Report of the Exhibition “The Magnificent Nature”
In October 2012, together with Toshiji Fukuda, photographer, we held an exhibition aiming to contribute to the natural conservation and the cultural exchange between Russia and Japan.
“The Magnificent Nature "Exhibition
・Dates: October 2 to 26, 2012
・Venue：Smolny Savor Church in St. Petersburg, Russia
・Organized by The International Academy of Art, Russia
・Supported by Consulate-General of Japan in St. Petersburg/Nikon Russia
◆ The largest work, TSUNAMI, in ink-and-wash that measured over 2 meters high and 5 meters wide was exhibited in the hall along with one of my serial essays in NIIGATA NIPPO newspaper on a sense of awe to the nature translated to Russian. As the Great East Japan Earthquake still remained deep in Russian people’s memories, many of the visitors had comments on the work as well as on the essay in addition to the questions on the conditions of the disaster site.
◆ The materials for Nihonga such as raw stones to create IWAENOGU powders, animal glues, brushes and metal foil were also displayed with the painting works to show the paintings were made from natural materials which interested many visitors.
Also, in order for the viewers to feel the actual texture of the Nihonga painting, some of the works were made available to touch the surfaces. One day an elderly woman who was visually-impaired was in the hall for the religious service, and her helper explained she could touch the painting, but she was reluctant somehow. Then, as a boy close to her took the hand of the lady and made her touch the painting. She was impressed and the boy smiled feeling content.
◆ The ceiling of the church was as high as 50 meters, and with the natural Northern light coming through the windows and with the large spotlights helped compliment the paintings. For the press preview day, 50 journalists/writers attended to learn about the theme of the exhibition as well as about the general understanding of the NIHONGA. Also, every day during the exhibition, students from different schools visited as part of their class lessons.
◆ During my stay in St. Petersburg, Russia, I visited a Japanese class of the International School in St. Petersburg and an institute for children’s care, HOPE VILLAGE, which had been started as a new initiative, to give special art classes.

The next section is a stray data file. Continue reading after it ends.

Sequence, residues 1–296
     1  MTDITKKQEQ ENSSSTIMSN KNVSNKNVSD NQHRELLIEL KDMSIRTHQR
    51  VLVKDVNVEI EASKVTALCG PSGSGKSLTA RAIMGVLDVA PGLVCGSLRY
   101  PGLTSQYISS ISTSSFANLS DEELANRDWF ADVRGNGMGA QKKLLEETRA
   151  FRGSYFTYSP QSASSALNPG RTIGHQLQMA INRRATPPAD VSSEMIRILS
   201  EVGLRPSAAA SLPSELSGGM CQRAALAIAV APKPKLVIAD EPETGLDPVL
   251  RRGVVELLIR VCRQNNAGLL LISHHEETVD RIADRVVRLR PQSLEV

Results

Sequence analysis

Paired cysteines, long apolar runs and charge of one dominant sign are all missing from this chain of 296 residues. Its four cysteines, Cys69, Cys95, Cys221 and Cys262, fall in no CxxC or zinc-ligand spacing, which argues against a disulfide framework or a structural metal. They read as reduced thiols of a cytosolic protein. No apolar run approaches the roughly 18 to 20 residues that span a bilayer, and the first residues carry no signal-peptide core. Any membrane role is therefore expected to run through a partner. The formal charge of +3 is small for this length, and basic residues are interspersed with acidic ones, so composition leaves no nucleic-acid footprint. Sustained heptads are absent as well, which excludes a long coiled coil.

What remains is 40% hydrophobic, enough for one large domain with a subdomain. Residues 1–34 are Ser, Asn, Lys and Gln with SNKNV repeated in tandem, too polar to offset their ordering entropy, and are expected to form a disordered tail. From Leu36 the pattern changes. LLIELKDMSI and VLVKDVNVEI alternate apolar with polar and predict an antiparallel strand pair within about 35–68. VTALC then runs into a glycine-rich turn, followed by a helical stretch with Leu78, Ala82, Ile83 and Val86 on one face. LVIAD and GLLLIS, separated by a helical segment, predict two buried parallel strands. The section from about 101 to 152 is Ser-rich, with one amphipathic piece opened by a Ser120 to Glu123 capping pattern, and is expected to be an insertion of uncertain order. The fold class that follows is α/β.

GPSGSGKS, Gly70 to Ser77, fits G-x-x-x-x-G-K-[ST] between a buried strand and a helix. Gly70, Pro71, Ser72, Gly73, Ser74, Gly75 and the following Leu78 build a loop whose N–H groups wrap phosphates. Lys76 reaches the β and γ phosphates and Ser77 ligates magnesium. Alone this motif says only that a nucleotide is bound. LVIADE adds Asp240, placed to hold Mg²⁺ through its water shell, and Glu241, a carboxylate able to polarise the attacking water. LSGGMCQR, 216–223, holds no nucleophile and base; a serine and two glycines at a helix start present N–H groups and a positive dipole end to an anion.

◆ Although the background varies, children without natural parents live together in HOPE VILLAGE. In the lesson, I explained the technique of my “Star in the Mountain Pass” which takes advantages of the Iwa-Enogu paint to transmit and inflect the light. Depending on where you stand to look at the painting, with the reflection of light, you can notice many stars are in the backdrop around the brightest star. In my explanation, I told the children the stars are signified as dreams, hopes and people. As one student said suddenly pointing at one of the stars “It’s me!”, one after another, the children followed saying “This is me!” Impressed by the expression of excitement on their faces, I felt grateful having the opportunity to meet them.
◆ Receiving an Honorary Doctorate
I received an Honorary Doctorate of Doctor of Philosophy from International University of Fundamental Studies in Russia, Oxford Educational Network (England) and University of California (U.S.A.) for the exhibition.
◆ Beyond the National Boundaries
It really was a great experience working together with people from different countries including Russia, Chechnya, Georgia, Iran, Nepal, Sri Lanka and different parts of Africa through almost two years from the preparation work to the completion of the exhibition. I was convinced that the art could help bridge the gap between different religions and ethnic consciousness that sometimes conflict each other.
Lastly, but not the least, I would like to thank Mr. Sultan Abaev and his family members and friends who continued to support me since my first visit to Russia. I also would like to thank most warmly to all the friends and people who supported and visited the exhibition.
February 11, 2013